A flavour of the collection

Published in Features, Issue 3 (May/June 2014), Volume 22

IE-MA-P-41-001 Bulfin2
1916 Rising
Records and documents relating to Easter Week 1916 are contained in a series of files catalogued under ‘Membership and Organization’, including IRA Nominal Rolls and reports by Cumann na mBan, Na Fianna Éireann and the Irish Citizen Army. The most important of these files include the ‘Nominal Rolls for Easter Week 1916’ compiled by all five Dublin battalions of the Irish Volunteers, the Citizen Army and Cumann na mBan; details of the Rising outside Dublin are covered in ‘Brigade Activity Reports’ for Galway, Louth/Meath and Wexford. While the brigade and battalion reports for Dublin consist largely of lists of participants, the level of detail provided by the senior veterans is disappointing, with varying degrees of effort employed in providing the full names and addresses of participants and precise details of organisational structures. The brigade reports from the country districts that participated in the Rising are more detailed and include the texts of cross-examinations of the oral testimony of senior veterans and precise details of the activities of the Volunteers in Galway, Louth/Meath and Wexford.

‘Saved the name of Tipperary’
Volunteer Michael O’Callaghan of Tipperary was responsible for one of the most obscure incidents of the 1916 Rising. O’Callaghan was on the run from police when he shot dead two RIC men, Thomas Rourke and John Hurley, who entered a house in which he had been hiding out during Easter Week on the Limerick border. O’Callaghan’s pension file (MSP/34/REF/4189) reveals that after months on the run he escaped to New York, where he became involved in an ill-fated attempt to ship guns to the Volunteers and was jailed pending extradition. He returned to Ireland in 1923 and became a district court clerk and subsequently a creamery manager. In support of O’Callaghan’s claim for a pension, senior veteran and IRA legend Dan Breen told the Military Service Pensions Board that O’Callaghan had ‘saved the name of Tipperary by his actions during that famous week’, adding that ‘I only wish we had some more like O’Callaghan, [and] 1916 would not have faded out as it did’.

‘Threatened’ to return home
Volunteer Francis Teeling was shot and captured by the Crown forces for his role in Bloody Sunday, 21 November 1920, when Michael Collins organised the execution of thirteen British agents across Dublin. Teeling managed to escape from Kilmainham Gaol in March 1921, subsequently took the Free State side in the Civil War and was wounded in action for a second time while serving in Munster. Teeling’s pension file (MSPC/24/SP/913), however, reveals a darker aspect to his life; in April 1923 he was dismissed with ignominy from the National Army after killing William Johnston (a member of the Citizens’ Defence Force) in the bar of the Theatre Royal on 27 March. Released from jail after a sentence of less than two years, Teeling adopted a pseudonym and emigrated to Montreal. His successful application reveals that he ‘threatened’ to return home if not awarded a pension, prompting General Richard Mulcahy to endorse the award, as ‘[Teeling] had publicly misconducted himself in such a way on a number of occasions as to run the danger of bringing serious discredit to us’.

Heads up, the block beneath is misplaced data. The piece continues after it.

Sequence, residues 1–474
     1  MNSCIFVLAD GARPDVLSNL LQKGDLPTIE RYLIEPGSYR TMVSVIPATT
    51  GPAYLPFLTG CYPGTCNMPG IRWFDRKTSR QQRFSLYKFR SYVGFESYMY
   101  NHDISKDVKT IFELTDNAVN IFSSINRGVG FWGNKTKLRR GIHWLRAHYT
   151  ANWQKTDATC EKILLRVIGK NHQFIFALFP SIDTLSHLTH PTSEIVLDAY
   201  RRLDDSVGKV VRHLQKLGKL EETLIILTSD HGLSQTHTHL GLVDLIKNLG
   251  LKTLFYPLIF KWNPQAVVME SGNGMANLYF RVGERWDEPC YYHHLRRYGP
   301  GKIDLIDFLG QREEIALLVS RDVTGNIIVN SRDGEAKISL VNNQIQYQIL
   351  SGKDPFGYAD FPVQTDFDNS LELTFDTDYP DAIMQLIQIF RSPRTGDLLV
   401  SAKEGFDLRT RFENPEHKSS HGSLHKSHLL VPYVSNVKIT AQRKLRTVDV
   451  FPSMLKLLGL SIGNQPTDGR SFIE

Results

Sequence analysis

IRA membership rolls
The IRA membership rolls provide details of the membership and organisational structure of the sixteen divisions of the IRA, constituting a total of 87 brigades, on two crucial dates—11 July 1921 and 1 July 1922. Comprising a total of 49,982 individual documents, these files were collated around 1935 and the key dates employed by the board will allow researchers to analyse the changing nature of the organisation in the crucial period between the Truce and the commencement of the Civil War.

Belfast pogroms
The level of detail in the reports varies; some include the activities of Crown forces and document the fearsome levels of violence in certain parts of the country. The report of the 3rd Northern Division (Files RO 402–406A), encompassing Belfast, Antrim and Down, underlines the frightening level of sectarian violence facing the Catholic community in Belfast and contains the following entries: 21 July 1920, Belfast Catholics chased from shipyards; 22 July 1920, military fire on crowd on Cupar Street, three killed; 23 July 1920, Clonard [monastery] lay brother shot dead and 200 wounded; 18–21 April 1922, onslaught on Marrowbone [district of Ardoyne], Annie McAuly, James Parron, Glenpark Street, Denis Diamond, 19 Vulcan Street, killed, John Walker, Short Strand, killed, and Andrew McCourteny, Dagmar Street, killed (MA/MSPC/RO/401).

Conclusion
The release of these files will not force a radical reconsideration of the overall narrative of the Irish revolution; it will, however, make future research more reliable, infinitely more detailed and decidedly more interesting. The nature of the precise details contained in these reports complements the more expansive personal narratives contained in the Bureau of Military History Witness Statements and made available to the public in 2003. Upon exploring this collection, presented in an accessible and user-friendly fashion, any frustration one might have felt at the length of time it has taken for this information to be released evaporates. This is a monumental achievement by Military Archives and those involved deserve the very highest of plaudits. The history of the Irish Revolution has truly been democratised and the capacity of academics and non-academics alike to explore the Independence struggle has been transformed.

Conor McNamara is the co-author of Easter 1916: a research guide, to be published by Four Courts Press later this year.

Read More: Who Qualified?

Further reading

C. Crowe (ed.), Guide to the Military Service (1916–1923) Pensions Collection (2012).

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